Literally dozens on lives have now been saved, lives that would have been lost in immediate replacement of blood loss couldn't have been addressed on scene by the helimed hero's on board 'Pegasus'; call sign Helimed10.
The official magazine of the Dorset & Somerset Air Ambulance NHS Trust is called 'Beeline' and their current issue has included a feature on the #bloodtohelimed service. The full story can be found by clicking here
The service was originally set up in 2016 after founder Daniel Lavery was approached by Dr Ian Mew, one of the Trauma Doctors on board the aircraft. Together they worked tirelessly at getting everything in order, from logistics to policy and procedures, legals and governance through to the last penny of funding needed to run the project
They both knew there needed to be a significant investment for this work, not only from each charity, but also from the point of view that even the aircraft was going to have to be adapted in some way to carry the blood. Specialist equipment was going to be needed to transport it, and even then, a car to do the transporting.
Dan had a contact at Henry Surtees Foundation, and after approaching them on behalf of the project they agreed to provide the funding, every penny of it, to get the project 'off the ground'. This was the injection Dr Mew needed, and on hearing the news, submitted the application which was approved.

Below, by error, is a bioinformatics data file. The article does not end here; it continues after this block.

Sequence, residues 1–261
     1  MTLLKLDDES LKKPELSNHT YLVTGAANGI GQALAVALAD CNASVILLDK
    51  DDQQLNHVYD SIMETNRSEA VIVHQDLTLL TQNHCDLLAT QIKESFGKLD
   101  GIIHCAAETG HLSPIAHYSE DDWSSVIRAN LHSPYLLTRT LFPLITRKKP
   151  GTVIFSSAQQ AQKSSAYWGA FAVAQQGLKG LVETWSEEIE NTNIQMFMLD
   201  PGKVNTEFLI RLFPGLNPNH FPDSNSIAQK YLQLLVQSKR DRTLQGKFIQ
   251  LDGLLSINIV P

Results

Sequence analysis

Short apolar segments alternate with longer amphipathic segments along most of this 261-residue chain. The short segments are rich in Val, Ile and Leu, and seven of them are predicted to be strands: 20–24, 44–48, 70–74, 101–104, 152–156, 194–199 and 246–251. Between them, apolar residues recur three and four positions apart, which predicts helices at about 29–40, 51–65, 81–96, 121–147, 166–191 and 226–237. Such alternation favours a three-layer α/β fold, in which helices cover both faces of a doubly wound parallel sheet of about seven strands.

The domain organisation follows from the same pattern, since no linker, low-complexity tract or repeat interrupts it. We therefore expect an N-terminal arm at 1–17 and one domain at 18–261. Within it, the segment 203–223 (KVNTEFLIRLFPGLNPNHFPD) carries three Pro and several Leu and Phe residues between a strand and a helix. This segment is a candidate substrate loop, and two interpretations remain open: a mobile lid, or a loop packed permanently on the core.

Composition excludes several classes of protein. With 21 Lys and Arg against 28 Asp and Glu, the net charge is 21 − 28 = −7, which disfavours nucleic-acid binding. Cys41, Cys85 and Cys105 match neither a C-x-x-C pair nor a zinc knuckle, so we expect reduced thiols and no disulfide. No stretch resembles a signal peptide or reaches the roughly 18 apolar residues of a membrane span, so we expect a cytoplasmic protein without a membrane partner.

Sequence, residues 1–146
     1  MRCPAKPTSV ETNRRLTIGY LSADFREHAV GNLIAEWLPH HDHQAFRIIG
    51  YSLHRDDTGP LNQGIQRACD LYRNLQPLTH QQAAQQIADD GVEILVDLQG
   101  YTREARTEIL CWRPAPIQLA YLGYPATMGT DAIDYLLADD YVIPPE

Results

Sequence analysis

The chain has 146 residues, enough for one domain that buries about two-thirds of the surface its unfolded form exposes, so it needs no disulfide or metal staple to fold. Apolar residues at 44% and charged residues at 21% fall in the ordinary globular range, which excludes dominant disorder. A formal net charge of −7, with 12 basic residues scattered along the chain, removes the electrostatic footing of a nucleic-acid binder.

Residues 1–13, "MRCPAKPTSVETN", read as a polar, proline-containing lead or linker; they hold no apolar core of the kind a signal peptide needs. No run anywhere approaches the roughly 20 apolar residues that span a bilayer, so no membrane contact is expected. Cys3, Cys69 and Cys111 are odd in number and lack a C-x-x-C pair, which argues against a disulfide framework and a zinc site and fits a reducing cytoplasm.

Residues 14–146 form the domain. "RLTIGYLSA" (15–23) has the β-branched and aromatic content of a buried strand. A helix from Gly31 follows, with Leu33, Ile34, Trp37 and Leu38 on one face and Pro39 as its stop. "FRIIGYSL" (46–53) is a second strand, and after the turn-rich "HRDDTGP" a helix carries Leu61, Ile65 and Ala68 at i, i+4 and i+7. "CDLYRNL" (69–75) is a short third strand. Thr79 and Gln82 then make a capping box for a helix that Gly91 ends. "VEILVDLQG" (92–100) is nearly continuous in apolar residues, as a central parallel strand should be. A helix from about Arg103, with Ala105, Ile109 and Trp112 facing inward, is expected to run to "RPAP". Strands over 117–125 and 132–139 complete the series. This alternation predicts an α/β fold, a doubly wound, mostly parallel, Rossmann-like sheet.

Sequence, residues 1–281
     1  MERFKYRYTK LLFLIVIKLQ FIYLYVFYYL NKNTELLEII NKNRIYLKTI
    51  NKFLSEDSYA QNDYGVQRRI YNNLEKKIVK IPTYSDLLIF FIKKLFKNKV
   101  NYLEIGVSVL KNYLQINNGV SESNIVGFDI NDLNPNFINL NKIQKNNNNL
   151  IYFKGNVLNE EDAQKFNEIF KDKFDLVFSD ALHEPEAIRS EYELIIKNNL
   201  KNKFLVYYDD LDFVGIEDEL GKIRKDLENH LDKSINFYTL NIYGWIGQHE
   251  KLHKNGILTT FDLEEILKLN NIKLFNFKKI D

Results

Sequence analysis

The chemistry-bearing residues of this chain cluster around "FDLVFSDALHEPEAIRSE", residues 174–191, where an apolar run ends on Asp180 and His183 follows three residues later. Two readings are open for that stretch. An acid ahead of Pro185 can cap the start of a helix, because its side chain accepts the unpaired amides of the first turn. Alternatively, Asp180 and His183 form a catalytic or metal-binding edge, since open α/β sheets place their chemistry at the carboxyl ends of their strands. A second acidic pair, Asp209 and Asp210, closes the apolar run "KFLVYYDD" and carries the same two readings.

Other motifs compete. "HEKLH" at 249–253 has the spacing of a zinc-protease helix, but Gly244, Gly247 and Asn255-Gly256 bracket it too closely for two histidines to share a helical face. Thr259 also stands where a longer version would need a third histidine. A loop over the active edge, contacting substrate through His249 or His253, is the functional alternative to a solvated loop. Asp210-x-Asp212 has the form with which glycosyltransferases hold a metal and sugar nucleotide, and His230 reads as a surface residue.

Once the go ahead was given, Devon Freewheelers volunteer Maurice 'Mo' Ayling was appointed by Dan to nurse it through from paper to reality. 'Mo' took the reigns and arranged a rota of volunteers operating out of Devon Freewheelers HQ in Honiton to supply the aircraft base with blood every 48hrs, with a standby crew for immediate replenishment when it was used for critical care of a patient.
In 2017, after Mo decided to step back for a while, East Area Co-Ordinator Dave 'Cookie' Cook has been managing the project and taken it to the next stage. Running it out of Honiton was a huge demand on Devon Freewheelers with the volunteers travelling nearly 1,000 miles a week from Devon to Dorset's County Hospital in Dorchester to collect the blood. Once the blood was collected it was then onto the Airbase at Henstridge to deliver the blood, then back to Dorchester to return any unused stock back into the blood bank, then back to Devon.
Devon Freewheelers founder Daniel Lavery decided to contact local media in Dorchester and see if he could recruit some suitable volunteers locally, to run the service. After a very successful response to the campaign, 'Cookie' set about organising new rotas for volunteers and a new home for the #bloodtohelimed response car which had be donated by The Henry Surtees Foundation. With the help of the Dorset & Wiltshire Fire Service, the car was relocated to the local fire station and the service is now running far more efficiently out of Dorset.
Pictured above: Mo, Cookie and Papa Smurf as their known in house, or officially Mr Maurice Ayling, Mr David Cook and Chairman Neil Gardner. Credit DFW2016
'We are all very proud of what we do" say Daniel Lavery, "for the last nine years we have built an amazing organisation and the service Devon Freewheelers provides is now absolutely essential and pivotal to the chances of survival for so many people. It's an honour and a privilage to be able to play our part in saving lives in the South West and to have these 'Working in Partnership' agreements with so many authorities and agencies to serve the public is testimony to the pride, passion and professionalism of our team'